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The Lost Moment

The Lost Moment
March 27, 2017 - 7:30 pm
head of preservation Scott MacQueen, Dave Petty.

Restored by UCLA Film & Television Archive with funding provided by the National Film Preservation Foundation

The Way of Peace  (1947)

Produced for the American Lutheran Church, with original conception and technical supervision by Reverend H.K. Rasbach, the unorthodox animated religious short The Way of Peace graphically illustrates how man’s inhumanity to man could ultimately lead to the irreversible destruction of Earth.  Written and directed by Frank Tashlin with photography and puppet design by noted special effects pioneer Wah Ming Chang, the uncompromising work artfully employs miniatures and stop-motion to examine the dire consequences of human conflict, including scenes of the crucifixion, lynching and Nazi fascism.  The dark cautionary tale culminates with the depiction of a devastating global atomic holocaust.  —Mark Quigley

35mm, color, 18 min.  Director: Frank Tashlin.  Production: Christian Films, East West Production.  Producers: Wah Ming Chang, Blanding Sloan.  Screenwriter: Frank Tashlin.   Cinematography: Wah Ming Chang.  Editor: Stuart O'Brien.  Music: Eddison Von Ottenfeld.  Cast: Lew Ayres (voice).

Restored from a 16mm Kodachrome reversal master positive and two 16mm composite Kodachrome prints.  Laboratory services by Fotokem, Audio Mechanics, Simon Daniel Sound, DJ Audio, Inc.  Special thanks to: Mark Rasbach, Ethan de Seife, Mark Quigley, Joel Thoreson, Archives of the Evangelical Lutheran Church in America, the Library of Congress.

Restored by UCLA Film & Television Archive with funding provided by the National Film Preservation Foundation

Moods of the Sea  (1941)

Subjectivity informs Slavko Vorkapich and John Hoffman’s Moods of the Sea, a lyrical documentary utilizing Felix Mendelssohn’s “Fingal’s Cave” as musical accompaniment.  Opening with a view from a cave onto the ocean, the film orchestrates images of a powerful natural environment: giant waves breaking on the shore, cliffs towering above the surf, a gull flying overhead, otters playing in the waves, clouds gathering, the sun setting on the horizon. True to Vorkapich’s interest in montage, the images from the constantly moving camera are cut precisely to the music, and each sequence reaches a rhythmic crescendo with the melody, emphasizing the subjective nature of the camera’s point of view.  —Jan-Christopher Horak

35mm, b/w, 10 min.  Directed by Slavko Vorkapich and John Hoffman.

Restored from the 35mm nitrate picture and track negatives.  Laboratory services by YCM Labs, Audio Mechanics, DJ Audio, Inc.  Special thanks to David Shephard/Film Preservation Associates.

Restored by UCLA Film & Television Archive with funding provided by The Packard Humanities Institute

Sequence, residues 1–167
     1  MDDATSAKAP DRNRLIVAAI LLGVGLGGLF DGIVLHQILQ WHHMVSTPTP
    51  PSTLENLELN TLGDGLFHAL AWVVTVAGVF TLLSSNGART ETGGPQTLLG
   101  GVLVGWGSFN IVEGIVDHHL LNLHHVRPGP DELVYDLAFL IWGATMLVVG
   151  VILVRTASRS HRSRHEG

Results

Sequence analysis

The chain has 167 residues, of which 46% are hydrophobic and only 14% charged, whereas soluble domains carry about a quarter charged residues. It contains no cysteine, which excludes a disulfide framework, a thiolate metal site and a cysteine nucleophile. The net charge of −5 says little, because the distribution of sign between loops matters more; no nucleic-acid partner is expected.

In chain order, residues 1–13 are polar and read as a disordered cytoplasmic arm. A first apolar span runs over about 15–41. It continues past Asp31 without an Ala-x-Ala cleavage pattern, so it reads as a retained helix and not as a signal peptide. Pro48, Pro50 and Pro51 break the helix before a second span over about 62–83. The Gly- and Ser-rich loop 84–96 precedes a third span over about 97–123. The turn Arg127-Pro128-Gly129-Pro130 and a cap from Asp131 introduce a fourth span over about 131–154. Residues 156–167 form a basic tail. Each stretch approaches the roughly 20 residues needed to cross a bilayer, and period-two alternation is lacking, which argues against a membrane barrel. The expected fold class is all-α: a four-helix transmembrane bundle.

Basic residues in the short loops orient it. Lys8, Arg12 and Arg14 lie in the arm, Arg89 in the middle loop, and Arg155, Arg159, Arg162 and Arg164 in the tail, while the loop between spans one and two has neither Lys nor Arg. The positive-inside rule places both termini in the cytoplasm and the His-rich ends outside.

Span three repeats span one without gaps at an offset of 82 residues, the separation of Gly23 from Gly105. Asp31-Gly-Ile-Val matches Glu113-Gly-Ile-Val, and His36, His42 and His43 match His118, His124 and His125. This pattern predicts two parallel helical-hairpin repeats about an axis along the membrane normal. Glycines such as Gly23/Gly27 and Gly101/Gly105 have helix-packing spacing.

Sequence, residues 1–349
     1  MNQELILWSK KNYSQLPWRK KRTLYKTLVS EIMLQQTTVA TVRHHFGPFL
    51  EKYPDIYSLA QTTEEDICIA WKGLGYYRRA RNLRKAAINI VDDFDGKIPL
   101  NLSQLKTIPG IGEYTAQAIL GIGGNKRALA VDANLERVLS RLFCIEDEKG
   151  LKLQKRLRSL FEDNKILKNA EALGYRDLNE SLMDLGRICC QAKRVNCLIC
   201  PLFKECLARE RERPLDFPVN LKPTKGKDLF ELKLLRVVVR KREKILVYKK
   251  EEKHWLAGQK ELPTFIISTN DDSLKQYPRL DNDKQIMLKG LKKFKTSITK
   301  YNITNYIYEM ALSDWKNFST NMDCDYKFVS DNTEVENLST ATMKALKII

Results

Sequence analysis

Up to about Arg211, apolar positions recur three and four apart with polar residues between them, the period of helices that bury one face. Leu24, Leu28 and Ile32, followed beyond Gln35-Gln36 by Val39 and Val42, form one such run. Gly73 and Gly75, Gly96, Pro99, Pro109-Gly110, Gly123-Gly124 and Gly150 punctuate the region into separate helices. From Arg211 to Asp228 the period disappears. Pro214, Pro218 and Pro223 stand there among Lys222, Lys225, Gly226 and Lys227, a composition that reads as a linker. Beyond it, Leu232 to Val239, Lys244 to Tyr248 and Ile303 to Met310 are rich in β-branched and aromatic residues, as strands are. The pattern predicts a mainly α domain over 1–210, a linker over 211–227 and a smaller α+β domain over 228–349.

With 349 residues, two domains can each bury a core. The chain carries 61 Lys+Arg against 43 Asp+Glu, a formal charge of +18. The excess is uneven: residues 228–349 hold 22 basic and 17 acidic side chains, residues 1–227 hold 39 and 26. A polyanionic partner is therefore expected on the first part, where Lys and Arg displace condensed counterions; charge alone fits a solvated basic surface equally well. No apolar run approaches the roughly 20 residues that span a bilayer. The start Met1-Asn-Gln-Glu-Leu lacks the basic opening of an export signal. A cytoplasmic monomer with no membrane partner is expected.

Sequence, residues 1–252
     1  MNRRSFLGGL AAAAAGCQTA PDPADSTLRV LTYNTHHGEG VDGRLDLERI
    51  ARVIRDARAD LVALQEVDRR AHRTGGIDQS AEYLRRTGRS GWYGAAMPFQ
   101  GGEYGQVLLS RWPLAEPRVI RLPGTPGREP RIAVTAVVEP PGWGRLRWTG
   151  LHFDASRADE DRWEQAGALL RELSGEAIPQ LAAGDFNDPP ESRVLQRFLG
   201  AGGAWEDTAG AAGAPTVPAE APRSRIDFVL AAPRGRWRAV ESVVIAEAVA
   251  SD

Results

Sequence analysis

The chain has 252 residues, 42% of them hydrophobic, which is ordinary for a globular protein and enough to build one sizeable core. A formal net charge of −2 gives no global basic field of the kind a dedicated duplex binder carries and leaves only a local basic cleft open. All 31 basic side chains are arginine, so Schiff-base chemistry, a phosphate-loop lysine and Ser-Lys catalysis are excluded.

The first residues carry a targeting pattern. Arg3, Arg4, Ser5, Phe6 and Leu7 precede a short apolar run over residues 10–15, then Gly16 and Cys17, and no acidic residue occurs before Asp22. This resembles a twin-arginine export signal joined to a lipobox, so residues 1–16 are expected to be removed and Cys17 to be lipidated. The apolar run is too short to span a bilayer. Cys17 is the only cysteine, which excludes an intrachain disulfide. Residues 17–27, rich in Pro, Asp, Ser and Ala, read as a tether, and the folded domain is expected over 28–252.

The Lost Moment  (1947)

It's ironic that the film version of The Aspern Papers by the 19th-century American author Henry James, revered for his naturalism, should be the zenith of Hollywood gothic.  In James' story—modeled after the tale of Edward Augustus Silsbee who attempted to pilfer letters written by Percy Shelley from Mary Shelley's aged stepsister—a nameless American scoundrel bent on a publishing coup tracks the centenarian Juliana Bordereau to a decaying Venetian palazzo.  In The Lost Moment, the scoundrel is an unscrupulous New York publisher (Robert Cummings), who plots to acquire Jeffrey Ashton's love letters to his withered muse (Agnes Moorehead) even if it requires wooing the tedious great-niece, Miss Tina (Susan Hayward).

James' themes remain even as the film hysterically reaches for metaphysical overtones. Miss Tina, starchy and lackluster by day, enters a fugue state by night.  In thrall to Ashton's letters which she pores over in secret, Miss Tina literally lets down her hair and becomes the luminous Juliana of 1814, throbbing with vitality and yearning for love.  Hal Mohr's sinuous travelling camera snakes through the crypt-like mansion hand in hand with Daniele Amfitheatrof's unearthly musical score.  —Scott MacQueen

35mm, b/w, 89 min. Director: Martin Gabel.  Production: Walter Wanger Pictures, Inc., Universal Pictures Co., Inc.  Distribution: Universal International.  Based on the novella The Aspern Papers by Henry James.  Screenwriter: Leonardo Bercovici.  Cinematography: Hal Mohr.  Art Director: Alexander Golitzen.  Music: Daniele Amfitheatrof.  Cast: Robert Cummings, Susan Hayward, Agnes Moorehead, Joan Lorring, Eduardo Ciannelli.

Restored from the 35mm nitrate camera negative, the 35mm nitrate sound track negative and a 35mm nitrate fine grain master.  Laboratory services by The Stanford Theatre Film Laboratory, Modern Videofilm, Audio Mechanics, Simon Daniel Sound, DJ Audio, Inc.  Special thanks to Paramount Pictures.